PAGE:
Symbol Crashes WLAN Security Party
At the NetWorld+Interop show in Las Vegas, the Holtsville, N.Y., company will unveil its MobiusGuard suite of WLAN security offerings that range from its proprietary fix for the flawed WEP (Wired Equivalent Privacy) to a way to design and set up secure VLANs (virtual LANs). The suite is an a la carte deal that includes consulting services.
"Customers know they want security, but theyre not sure how much," said Ray Martino, vice president of wireless network products at Symbol. "We wanted to [help] our customers complement what they already have installed."
MobiusGuard comprises basic security mechanisms that can operate simultaneously or individually, as well as heavy-duty, stand-alone architectures.
"A lot of people are still trying to figure out what their vulnerabilities are and where theyre going to go with this," said Mark van Pelt, a WLAN consultant with Donovan Consulting Group Inc., in Atlanta. "A financial industry customer will put in a VPN [virtual private network] immediately. But most companies will start without one and add it later; theyre not sure where to go and what to guard against."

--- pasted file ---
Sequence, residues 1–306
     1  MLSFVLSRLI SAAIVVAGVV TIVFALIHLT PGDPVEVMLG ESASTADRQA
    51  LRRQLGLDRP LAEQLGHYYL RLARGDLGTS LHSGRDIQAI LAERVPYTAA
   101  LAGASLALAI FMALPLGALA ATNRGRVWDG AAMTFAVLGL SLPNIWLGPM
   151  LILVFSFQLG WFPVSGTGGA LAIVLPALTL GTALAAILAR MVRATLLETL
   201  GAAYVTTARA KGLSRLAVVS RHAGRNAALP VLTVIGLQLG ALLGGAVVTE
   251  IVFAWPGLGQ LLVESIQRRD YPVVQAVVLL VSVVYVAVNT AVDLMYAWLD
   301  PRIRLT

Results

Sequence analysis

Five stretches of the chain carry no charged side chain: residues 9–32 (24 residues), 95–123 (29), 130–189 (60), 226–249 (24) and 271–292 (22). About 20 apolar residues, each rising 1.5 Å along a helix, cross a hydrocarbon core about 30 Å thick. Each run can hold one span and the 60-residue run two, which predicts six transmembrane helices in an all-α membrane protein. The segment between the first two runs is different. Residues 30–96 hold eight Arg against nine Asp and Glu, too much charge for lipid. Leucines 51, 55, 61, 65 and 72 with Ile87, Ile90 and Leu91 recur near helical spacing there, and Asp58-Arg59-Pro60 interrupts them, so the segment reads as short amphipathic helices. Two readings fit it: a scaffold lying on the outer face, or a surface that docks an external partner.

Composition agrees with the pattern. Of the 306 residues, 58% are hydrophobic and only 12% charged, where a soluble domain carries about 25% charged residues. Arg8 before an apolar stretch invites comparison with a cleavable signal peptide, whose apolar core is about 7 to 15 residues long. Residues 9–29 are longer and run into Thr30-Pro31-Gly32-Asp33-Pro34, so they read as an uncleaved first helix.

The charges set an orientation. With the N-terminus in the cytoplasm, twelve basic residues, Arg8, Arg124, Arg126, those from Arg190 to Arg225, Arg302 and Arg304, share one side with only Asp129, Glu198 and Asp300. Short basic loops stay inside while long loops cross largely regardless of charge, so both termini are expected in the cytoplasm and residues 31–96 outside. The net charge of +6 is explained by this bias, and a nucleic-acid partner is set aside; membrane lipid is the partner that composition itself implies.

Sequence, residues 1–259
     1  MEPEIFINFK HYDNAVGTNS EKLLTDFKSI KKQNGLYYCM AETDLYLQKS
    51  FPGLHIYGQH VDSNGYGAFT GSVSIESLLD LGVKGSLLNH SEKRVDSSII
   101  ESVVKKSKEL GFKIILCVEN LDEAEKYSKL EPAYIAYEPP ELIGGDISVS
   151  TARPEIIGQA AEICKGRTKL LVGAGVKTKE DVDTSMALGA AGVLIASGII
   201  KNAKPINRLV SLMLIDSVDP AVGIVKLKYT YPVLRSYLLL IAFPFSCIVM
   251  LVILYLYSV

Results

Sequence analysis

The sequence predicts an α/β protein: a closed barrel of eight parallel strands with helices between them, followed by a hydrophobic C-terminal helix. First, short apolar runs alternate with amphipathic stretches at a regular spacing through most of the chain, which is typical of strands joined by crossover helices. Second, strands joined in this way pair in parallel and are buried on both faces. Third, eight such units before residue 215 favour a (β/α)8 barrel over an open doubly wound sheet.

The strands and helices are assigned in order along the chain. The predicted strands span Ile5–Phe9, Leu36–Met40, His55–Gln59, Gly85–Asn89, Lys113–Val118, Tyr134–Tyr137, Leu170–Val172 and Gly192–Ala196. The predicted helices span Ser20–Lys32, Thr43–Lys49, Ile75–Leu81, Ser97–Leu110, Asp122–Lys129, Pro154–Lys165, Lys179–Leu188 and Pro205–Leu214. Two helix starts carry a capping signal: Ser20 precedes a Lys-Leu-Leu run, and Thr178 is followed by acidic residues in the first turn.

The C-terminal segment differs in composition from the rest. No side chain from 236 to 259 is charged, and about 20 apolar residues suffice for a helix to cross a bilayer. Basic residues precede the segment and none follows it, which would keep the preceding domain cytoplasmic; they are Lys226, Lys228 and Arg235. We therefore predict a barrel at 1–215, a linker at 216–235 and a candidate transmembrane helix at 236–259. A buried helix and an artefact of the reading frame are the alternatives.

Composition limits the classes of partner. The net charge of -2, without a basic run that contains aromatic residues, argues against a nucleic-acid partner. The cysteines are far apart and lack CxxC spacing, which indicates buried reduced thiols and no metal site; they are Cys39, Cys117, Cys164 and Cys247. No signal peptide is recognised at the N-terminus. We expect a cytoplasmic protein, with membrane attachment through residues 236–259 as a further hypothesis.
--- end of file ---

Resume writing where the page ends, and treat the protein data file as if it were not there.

Symbol has yet to release pricing for the parts of MobiusGuard but said the VPN and VLAN options will be based on a client-licensing program.
AirBeam Safe, which is based on technology from Columbitech AB, of Stockholm, Sweden, is a VPN client that lets users roam from access point to access point without having to re-authenticate. It supports both DOS and Microsoft Corp.s Pocket PC operating system.
For better encryption, Symbol is introducing Keyguard, which is its version of TKIP (Temporal Key Integrity Protocol). TKIP bests WEP in that it can change keys on the fly. TKIP is going through the standards process at the IEEE, where it is known as 802.11i. But Symbol officials said they want to release something now, although it will mean software upgrades later.
MobiusGuard also includes ways to help customers configure wireless VLANs, making it possible to allow different levels of network access to the same access point.
In addition, the company is introducing the Mobius 5224, an access point that supports 802.11a but can interoperate with 802.11b networks. It costs $799.
802.11a is faster than 802.11b, offering speeds of up to 54M bps. It also offers up to eight channels, rather than three, so it is more scalable. However, Symbol said customers arent yet embracing 802.11a due mainly to a lack of PC drivers for Palm Inc.s Palm OS and for Pocket PC devices.
"We dont think were going to sell a lot of those this quarter or next quarter, but when youre comfortable that theres a time to use it, you wont have to tear your existing network apart," Martino said.